If you need better accuracy, you can optionally use an external reference or the internal 1.1V reference (with a voltage divider).   The internal reference is stable, but there is a tolerance so you may have to calibrate.


* Don't go too far over Vcc as the maximum allowable on an input pin is Vcc+ 0.5V.  And, there is a +/- 1 count tolerance so there's a chance  of reading 1022 with Vcc applied.
I am not sure I am fully understanding the point you are making here, sorry. The resolution is plenty for my application it just seems to be maxing out (VCC voltage) at less than 5V unless my supply is set to 5.36V. As far as I can tell that is more to do with the board functionality than the resolution of the input.

Thank you for the warning about going over voltage of VCC though I will make sure the external sensor doesn't go too far over

DrAzzy

I think the correct solution is to feed your board with 5.36v to get 5v after the diode - assuming you can't find a way to run the sensor off the same "5v" as the board. Particularly when you have a sensor that outputs a voltage proportional to it's supply voltage, you really want the sensor and board measuring the voltage running off the same supply.

When there are two independent supplies powering different parts of the same circuit, you get into dangerous territory, because you can damage things if one of them is on, and the other isn't, and the one that is on tries to apply a voltage to a pin on the one that isn't powered. If that situation can happen, you need to take countermeasures (a 10k or 4.7k resistor between them is sufficient for most signals, as this limits the maximum current that could flow into the pin of the unpowered chip, while keeping the impedance low enough that the ADC won't have trouble reading it). This also saves you if the voltages aren't exactly matched (and they never are) - though it doesn't help with the fact that you can't measure the whole range of possible voltages if the thing you're measuring can go slightly higher than the supply voltage on the thing doing the measuring).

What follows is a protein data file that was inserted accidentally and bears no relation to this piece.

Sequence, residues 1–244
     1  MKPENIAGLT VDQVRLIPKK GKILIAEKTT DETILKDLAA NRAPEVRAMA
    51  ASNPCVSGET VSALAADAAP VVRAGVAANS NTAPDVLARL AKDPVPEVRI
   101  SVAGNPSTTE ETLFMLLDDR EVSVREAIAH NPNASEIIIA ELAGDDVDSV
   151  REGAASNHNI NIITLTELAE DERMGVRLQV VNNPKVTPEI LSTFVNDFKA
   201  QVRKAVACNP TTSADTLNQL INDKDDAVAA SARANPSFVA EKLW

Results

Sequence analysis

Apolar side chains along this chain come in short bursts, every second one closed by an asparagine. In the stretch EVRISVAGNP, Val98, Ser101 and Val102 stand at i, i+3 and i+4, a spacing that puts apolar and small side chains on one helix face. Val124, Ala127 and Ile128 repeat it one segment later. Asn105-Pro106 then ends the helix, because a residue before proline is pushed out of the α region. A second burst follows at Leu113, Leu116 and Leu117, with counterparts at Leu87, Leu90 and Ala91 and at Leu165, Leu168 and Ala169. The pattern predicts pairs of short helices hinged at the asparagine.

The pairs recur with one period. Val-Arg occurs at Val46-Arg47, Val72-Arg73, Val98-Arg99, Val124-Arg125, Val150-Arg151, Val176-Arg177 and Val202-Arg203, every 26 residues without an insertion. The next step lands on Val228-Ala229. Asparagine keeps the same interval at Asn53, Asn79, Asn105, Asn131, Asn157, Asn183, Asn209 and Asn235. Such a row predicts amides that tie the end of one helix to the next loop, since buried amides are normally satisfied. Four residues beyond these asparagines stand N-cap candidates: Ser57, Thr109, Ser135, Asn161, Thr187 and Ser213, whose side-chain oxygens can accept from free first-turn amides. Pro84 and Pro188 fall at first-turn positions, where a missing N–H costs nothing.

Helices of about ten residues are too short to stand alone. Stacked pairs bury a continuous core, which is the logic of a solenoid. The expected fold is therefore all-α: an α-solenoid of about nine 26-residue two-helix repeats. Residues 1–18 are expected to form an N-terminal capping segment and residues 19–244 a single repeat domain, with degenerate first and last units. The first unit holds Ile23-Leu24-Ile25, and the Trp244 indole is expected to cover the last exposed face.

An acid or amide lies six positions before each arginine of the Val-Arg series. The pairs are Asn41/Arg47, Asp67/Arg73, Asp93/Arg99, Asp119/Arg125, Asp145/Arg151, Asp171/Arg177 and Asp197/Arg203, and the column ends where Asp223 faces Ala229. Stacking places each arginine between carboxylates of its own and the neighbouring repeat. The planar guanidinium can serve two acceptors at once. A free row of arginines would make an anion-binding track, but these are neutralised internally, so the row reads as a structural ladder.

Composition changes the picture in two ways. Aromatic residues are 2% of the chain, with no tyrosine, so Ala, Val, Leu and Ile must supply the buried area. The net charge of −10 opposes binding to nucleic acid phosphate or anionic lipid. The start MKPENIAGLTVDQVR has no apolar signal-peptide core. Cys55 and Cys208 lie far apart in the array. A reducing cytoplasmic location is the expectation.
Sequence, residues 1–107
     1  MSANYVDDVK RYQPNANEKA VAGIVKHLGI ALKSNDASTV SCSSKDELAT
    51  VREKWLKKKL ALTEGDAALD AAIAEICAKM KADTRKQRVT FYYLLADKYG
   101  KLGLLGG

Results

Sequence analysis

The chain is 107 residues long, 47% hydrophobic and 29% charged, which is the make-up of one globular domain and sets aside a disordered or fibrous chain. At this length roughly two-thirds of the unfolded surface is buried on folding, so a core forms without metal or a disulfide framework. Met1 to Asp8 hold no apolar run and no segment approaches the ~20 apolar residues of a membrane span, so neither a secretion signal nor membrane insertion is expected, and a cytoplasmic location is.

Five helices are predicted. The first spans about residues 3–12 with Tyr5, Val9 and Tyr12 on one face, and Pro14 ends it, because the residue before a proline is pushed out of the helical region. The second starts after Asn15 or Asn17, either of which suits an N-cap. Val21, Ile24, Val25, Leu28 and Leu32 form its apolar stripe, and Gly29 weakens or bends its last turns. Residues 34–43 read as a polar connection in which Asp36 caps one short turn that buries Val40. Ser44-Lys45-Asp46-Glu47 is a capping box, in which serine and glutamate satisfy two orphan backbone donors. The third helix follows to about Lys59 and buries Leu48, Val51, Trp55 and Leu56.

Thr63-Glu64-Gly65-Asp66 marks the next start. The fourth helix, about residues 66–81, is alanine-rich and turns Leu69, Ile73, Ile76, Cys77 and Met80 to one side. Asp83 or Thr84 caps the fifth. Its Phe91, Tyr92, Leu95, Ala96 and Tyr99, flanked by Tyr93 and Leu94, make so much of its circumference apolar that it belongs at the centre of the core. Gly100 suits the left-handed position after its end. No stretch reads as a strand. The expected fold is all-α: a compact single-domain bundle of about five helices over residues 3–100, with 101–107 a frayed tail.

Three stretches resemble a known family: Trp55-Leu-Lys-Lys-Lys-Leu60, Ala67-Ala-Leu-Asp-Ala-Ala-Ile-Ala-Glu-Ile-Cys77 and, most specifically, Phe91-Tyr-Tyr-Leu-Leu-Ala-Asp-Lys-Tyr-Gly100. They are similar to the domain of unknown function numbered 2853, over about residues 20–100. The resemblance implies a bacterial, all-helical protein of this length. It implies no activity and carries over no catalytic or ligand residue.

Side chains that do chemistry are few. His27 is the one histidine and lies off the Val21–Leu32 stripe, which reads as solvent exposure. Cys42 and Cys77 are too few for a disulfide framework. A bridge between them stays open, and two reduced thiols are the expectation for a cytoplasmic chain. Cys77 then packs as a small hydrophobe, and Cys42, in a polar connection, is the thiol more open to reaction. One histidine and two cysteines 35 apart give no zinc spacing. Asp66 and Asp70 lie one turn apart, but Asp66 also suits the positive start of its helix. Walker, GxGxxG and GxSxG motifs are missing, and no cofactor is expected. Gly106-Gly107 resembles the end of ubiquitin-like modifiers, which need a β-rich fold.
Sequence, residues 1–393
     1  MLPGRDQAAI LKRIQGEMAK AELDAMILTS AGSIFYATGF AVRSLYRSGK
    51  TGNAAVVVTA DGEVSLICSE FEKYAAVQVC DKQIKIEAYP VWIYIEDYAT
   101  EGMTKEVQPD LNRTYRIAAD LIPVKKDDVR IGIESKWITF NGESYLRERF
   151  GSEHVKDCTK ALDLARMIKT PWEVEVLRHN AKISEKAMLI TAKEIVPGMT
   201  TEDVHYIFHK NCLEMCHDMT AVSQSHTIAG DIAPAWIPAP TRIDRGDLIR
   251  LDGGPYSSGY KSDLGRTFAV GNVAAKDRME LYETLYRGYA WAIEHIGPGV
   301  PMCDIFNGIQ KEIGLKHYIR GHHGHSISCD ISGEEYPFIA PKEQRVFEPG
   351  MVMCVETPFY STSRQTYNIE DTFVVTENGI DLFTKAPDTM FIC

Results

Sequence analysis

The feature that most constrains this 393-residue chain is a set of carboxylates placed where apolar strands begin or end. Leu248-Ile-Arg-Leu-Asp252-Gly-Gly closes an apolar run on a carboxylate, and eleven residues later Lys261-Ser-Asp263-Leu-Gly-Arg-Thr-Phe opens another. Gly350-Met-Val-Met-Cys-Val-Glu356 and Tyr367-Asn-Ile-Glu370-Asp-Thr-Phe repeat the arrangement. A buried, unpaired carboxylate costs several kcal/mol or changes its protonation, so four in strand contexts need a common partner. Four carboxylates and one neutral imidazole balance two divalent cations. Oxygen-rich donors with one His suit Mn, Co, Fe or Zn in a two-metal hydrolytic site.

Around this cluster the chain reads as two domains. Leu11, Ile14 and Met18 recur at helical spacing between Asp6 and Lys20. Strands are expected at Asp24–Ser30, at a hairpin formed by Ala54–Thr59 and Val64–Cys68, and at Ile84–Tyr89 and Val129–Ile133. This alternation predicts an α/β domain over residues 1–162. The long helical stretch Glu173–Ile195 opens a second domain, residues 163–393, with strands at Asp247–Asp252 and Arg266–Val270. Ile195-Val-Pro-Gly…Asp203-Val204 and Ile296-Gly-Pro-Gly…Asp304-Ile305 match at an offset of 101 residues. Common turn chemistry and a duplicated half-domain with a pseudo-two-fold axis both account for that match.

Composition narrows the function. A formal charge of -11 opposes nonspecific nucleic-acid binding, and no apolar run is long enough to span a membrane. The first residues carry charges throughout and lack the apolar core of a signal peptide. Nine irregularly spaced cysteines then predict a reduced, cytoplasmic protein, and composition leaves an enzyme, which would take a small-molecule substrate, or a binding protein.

ATTinyCore for x4/x5/x61/x7/x8/x41/1634/828/x313 megaTinyCore for the megaavr ATtinies - Board Manager:
http://drazzy.com/package_drazzy.com_index.json
ATtiny breakouts, mosfets, awesome prototyping board in my store http://tindie.com/stores/DrAzzy

JCA34F

#5
Oct 22, 2019, 04:27 am Last Edit: Oct 22, 2019, 04:49 am by JCA34F
Or a voltage divider: If AREF = 4.65V ->  ADCval = 4.58 * 1024 / AREF = 1008, volts = ADCval * AREF / 1024.

chartreusejoker

I think the correct solution is to feed your board with 5.36v to get 5v after the diode - assuming you can't find a way to run the sensor off the same "5v" as the board. Particularly when you have a sensor that outputs a voltage proportional to it's supply voltage, you really want the sensor and board measuring the voltage running off the same supply.

When there are two independent supplies powering different parts of the same circuit, you get into dangerous territory, because you can damage things if one of them is on, and the other isn't, and the one that is on tries to apply a voltage to a pin on the one that isn't powered. If that situation can happen, you need to take countermeasures (a 10k or 4.7k resistor between them is sufficient for most signals, as this limits the maximum current that could flow into the pin of the unpowered chip, while keeping the impedance low enough that the ADC won't have trouble reading it). This also saves you if the voltages aren't exactly matched (and they never are) - though it doesn't help with the fact that you can't measure the whole range of possible voltages if the thing you're measuring can go slightly higher than the supply voltage on the thing doing the measuring).

I appreciate the insight, thank you. The power supply is easily enough configured that adjusting the supply to get the appropriate 5V range on the 4Duino is an easy solution.
I do have to run two different power circuits for this project (24V and 5V) and the sensor power is pulled from the 24. I do have the ability to isolate all inputs to the board (A, Di, and Do) using a relay which will ensure no inputs reach the board when it is powered off.